+HCU's special Project: 'Our protections'
tough
HOW TO PROTECT SOFTWARE BETTER - Part II

by +RCG
cracker

(slightly edited by reverser+, 18 January 1998)
Courtesy of reverser's page of reverse engineering
The following essay by our +colleague and "Uberprotector" +RCG is VERY interesting for many aspects, it deals for instance with the "delayed" protection scheme, that we have already discussed in the "programmer corner" section, a "delayed" revenge which is already implemented in some very recent protection schemes, but I'm sure that the whole part about "How to take Softice on a boat ride" will indeed prove to be a very interesting reversing reading for all our protectors and crackers friends.
In fact the idea of COUPLING softice detection and self-patching promises to deliver us very ineteresting challenges in the future :-)

HOW TO PROTECT BETTER ~ Part II Purpose of the "Our protection" section The "delayed" protection scheme of the future The Port 70/71 trick How to take Softice on a boat ride Softice breakpoint magic explained and defeated by +RCG 18 January 1998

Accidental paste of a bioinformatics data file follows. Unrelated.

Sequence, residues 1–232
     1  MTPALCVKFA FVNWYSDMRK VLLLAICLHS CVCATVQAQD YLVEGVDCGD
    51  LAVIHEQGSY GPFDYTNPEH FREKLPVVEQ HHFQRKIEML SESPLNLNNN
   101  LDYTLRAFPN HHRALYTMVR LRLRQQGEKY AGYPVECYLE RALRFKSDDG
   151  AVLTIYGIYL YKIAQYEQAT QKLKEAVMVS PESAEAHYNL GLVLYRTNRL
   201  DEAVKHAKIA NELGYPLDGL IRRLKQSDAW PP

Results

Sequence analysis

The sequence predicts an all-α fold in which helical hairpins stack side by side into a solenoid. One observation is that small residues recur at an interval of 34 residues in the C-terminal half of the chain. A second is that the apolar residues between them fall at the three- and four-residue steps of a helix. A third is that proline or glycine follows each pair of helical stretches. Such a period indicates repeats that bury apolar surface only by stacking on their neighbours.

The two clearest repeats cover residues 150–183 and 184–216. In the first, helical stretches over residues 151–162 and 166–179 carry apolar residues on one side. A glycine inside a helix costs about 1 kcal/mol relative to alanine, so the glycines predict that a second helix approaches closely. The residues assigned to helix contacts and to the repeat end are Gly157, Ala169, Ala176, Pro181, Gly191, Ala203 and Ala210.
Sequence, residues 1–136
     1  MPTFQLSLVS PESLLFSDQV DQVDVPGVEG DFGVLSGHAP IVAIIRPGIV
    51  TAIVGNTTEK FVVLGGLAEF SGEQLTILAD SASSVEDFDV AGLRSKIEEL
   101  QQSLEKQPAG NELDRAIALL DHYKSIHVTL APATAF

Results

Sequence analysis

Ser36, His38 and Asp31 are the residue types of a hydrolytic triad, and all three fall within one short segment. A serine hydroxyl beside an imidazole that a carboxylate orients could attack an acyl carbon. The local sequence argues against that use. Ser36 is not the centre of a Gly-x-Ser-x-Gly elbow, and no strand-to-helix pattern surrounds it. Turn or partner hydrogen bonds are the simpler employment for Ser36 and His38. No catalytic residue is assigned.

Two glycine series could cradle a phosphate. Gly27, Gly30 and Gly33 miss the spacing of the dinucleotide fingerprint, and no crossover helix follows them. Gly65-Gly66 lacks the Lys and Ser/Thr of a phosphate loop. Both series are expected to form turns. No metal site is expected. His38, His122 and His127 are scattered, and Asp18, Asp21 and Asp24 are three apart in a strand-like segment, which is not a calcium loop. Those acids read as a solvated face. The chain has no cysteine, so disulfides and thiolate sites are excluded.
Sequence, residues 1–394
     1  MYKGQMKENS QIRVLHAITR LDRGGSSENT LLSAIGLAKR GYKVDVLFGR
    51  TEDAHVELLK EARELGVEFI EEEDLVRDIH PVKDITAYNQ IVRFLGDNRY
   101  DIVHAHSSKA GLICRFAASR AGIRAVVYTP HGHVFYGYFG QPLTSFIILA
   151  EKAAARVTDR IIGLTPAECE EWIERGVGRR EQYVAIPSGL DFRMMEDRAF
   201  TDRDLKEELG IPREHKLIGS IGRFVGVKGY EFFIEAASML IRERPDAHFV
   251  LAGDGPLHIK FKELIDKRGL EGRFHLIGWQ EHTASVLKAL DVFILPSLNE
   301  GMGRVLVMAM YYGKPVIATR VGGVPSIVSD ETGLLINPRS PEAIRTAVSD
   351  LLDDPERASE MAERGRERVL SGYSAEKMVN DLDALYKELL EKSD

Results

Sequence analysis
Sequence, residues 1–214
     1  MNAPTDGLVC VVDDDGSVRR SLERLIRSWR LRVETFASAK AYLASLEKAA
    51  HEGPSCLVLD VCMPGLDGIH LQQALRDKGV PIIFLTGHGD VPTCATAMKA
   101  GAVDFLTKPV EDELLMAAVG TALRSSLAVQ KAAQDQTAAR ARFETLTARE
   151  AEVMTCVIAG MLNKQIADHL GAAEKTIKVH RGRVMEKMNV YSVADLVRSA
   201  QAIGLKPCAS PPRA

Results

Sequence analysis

Hi all!!!! I see that my "heavy" protection has been severely criticised... I know that an encrpytion xoring values is pretty stupid... but in my opinion the idea behind this section is to introduce and implement new ideas, and not really to create a whole uncrackable program, which as we all know is impossible anyway. I believe that we will very soon be confronted with much tougher protection schemes, because the programmers and the protectionists ARE learning assembly, notwithstanding the widespread belief of the countrary. I have been thinking about all this and I have concluded that the best solution is to use the VxD to perform only critical actions. That is, let the program, usually written in an "higher" language create the more or less complex encription algorithms that you need in order to protect and THEN use the VxD to move the decripted function to its place. Do you agree with me that this would be a much better solution? Yes, my previous protections have been quickly defeated, yet you must think that these programs of mine are only "probes": they are very very short programs, and their protection schemes are not hidden at all, quite the contrary actually: they are in front of you. Actually you should only examine the idea that I have implemented and find solutions or problems for the scheme. I'm sure that the perfect protection doesn't exist, it's like the final weapon... a very clever protection to-day will be very easy to defeat to-morrow. But we can do nevertheless our best: we can for instance use two or three protection schemes at the same time, for example, 1) encryption with 2) antiSoftice tricks, and 3) some other things we have already seen on this page. Imagine all these schemes bundled together with a little intelligence into an ovebloated multimega huge program! That will cause an headache to most crackers, even if it will be -maybe- easily solved, by real "zen" +crackers. Indeed, most of today "key" protection schemes are very easy to crack because the programmer thinks that a simple check is more that enough, which is stupid to say the least. Think for example that mostly we only have to patch a conditional jne with a 'compelled' jmp, and the program thinks that it is registered. Moment: thinks that it is registered... or let us think that he thinks that it is registered? :-) Yes! Now suppose you are using your "cracked" program and suddenly it crashes, or does not let you make something... say a couple of days AFTER your supposedly easy crack... It's very difficult follow this kind of "delayed" protection tracing or dead listing your target. Where, inside the whole program is this kind of protection implemented? Think: imagine that somewhere in the middle of the normal execution code the target performs a check. You don't perceive it at all, because there is NO NEED to alert the user about this verifying. And then, imagine, the target patches some code on the fly or checks for code modifications... man, I understand now what +ORC always teached us with his "be careful not to nop with nops" doctrine... he foresaw the development of our protections TWO YEARS ago... but the protectionists probably never read his tutorial and I have until now still to see a target checking for our nops instead of having a simple CRC-type check :-( But you get the idea, don't you? You will never understand what happened because that code, patched by the target can be itself encrypted. I don't agree with colleagues that say that this protection way is just like all the others. This kind of tricks, if implemented, would let us make much more other things, and at the very least would for sure prevent the "30 seconds" cracking. OUR VXD. LETS BEGIN AGAIN Basical Functions. 1. Blitter (block memory transfer) 2. Port IO 3. SoftIce remover 4. Device_Service_Hooker 5. Int_Hooker 6. Api_Hooker 7. GP_hooker (General Protection Exception) and more... Comments about the implementation of these functions.